Dropbox.com - Dropbox Fiasco

Posted on Monday, January 27th, 2014 at 8:10pm CST by Email U.

Company: Dropbox.com

Location: US

URL: www.dropbox.com

Category: Computers, Software

I've been using (and promoting) Dropbox since the company launched. I currently have a Professional Dropbox account with more than 100 GB of storage but sadly, have watched their customer service gradually degenerate to its present state.

I am an IT consultant currently working with a major international bank, and require many writing and graphics utilities that are not permitted on their corporate laptops. But, because Dropbox can be installed on almost any PC regardless of admin rights or lack thereof, I am able to create the output my employer requires on my own PC and then sync it with the corporate one, where it can be emailed or posted on SharePoint. Compliance types might howl about the security issues, but my alternative - at more than a dozen Fortune 500 companies - would have been to quit and look for another job. The work samples for which I was hired could never have been produced on their PCs.

I seldom have required support from Dropbox in the past but, whenever I called for help, it was always forthcoming. Recently, without any warning or notice, they seem to have abandoned any pretense of support.

I have been using a Dell E6520 for the last 2 years (see my CNET article about my dealings with Dell at http://forums.cnet.com/7723-13974_102-556950/purchasing-a-dell-latitude-e6520-it-was-the-worst-of-times/). This PC has a 32-bit OS, which I needed at the time to accommodate the many important legacy utilities I was using, which were not yet available in 64-bit versions. Now that most of those utilities have been updated, I purchased another E6520 as a backup PC, this one with a 64-bit OS.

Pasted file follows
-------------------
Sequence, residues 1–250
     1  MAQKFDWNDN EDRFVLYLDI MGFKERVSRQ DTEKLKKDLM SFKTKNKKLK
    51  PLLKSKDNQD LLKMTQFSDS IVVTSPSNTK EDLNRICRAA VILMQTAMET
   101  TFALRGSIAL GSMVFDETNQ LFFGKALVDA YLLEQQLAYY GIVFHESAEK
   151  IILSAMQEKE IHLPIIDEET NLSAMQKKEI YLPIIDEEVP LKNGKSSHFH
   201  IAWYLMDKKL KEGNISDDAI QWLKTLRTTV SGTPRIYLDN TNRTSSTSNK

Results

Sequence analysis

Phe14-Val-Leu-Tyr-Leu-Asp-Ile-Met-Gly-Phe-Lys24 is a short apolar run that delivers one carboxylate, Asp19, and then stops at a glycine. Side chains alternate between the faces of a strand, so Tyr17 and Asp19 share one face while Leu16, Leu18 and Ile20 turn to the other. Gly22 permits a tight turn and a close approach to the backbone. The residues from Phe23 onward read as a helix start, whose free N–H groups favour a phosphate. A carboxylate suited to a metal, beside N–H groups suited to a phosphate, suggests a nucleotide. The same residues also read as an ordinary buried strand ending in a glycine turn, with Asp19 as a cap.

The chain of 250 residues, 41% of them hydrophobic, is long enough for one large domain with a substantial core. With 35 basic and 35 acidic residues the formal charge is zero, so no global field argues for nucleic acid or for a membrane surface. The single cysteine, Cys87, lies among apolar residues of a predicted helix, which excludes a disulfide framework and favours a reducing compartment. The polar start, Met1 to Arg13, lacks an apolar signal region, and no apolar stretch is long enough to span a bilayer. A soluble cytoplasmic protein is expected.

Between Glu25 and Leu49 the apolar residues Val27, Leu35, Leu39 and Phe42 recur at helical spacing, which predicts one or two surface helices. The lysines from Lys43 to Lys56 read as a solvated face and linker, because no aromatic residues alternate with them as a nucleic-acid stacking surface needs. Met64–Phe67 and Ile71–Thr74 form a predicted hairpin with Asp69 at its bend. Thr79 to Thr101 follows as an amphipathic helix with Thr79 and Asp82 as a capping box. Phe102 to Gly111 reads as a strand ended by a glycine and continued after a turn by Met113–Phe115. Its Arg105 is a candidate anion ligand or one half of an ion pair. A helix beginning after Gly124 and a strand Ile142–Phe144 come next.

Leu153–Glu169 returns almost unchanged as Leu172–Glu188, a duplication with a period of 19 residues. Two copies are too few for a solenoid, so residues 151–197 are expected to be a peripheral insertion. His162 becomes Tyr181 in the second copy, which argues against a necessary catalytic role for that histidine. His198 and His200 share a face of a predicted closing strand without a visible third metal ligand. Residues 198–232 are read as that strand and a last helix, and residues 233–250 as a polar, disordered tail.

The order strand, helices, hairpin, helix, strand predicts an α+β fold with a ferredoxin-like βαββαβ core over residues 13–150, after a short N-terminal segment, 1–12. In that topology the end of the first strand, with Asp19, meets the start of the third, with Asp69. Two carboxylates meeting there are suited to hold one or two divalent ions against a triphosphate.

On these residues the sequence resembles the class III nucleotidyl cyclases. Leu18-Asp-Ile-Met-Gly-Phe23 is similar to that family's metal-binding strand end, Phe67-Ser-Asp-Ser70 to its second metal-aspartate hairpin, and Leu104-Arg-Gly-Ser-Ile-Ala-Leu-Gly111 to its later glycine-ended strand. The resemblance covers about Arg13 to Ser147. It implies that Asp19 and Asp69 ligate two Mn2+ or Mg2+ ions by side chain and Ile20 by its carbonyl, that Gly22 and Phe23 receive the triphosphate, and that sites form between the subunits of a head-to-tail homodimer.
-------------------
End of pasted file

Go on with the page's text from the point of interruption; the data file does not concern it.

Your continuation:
I immediately installed Dropbox, of course, and this is where the fiasco began. When I tried to sync my work files, they were all DELETED - not only from the Dropbox site, but from the other 2 connected PCS, as well. Moreover, they did not even appear as "Deleted Files" on the Dropbox site. I didn't have any other backup, because Dropbox and my other 2 PCs WERE (I thought!) my backup! This could have ended my relationship with my client!

In shock, my first impulse was to call Dropbox Tech Support, which had always been there for me previously. I quickly discovered that there were NO support numbers posted anywhere; even the GetHuman number led to an announcement stating that phone support was no longer offered. I went back to the Dropbox site and learned that phone support was, in fact, available only for Business Accounts, at $75/month or $795/yr. (on their current sales site). OK... I was ready to pay, and there was a phone number! I called the number and another announcement informed me that I had to send an email and wait for a response.

I went back to their Tech Support page and filled out a ticket, explaining what had happened, and begged for someone to reply ASAP. The page promised that a tech would contact me "within 24 to 48 hours". Three days later a tech emailed me. I replied explaining what had happened, and begged him to call me - at ANY price. I never heard from him again.

I now realized that I was absolutely on my own. My pulse rate eventually returned to double digits, and I began to analyze what had happened.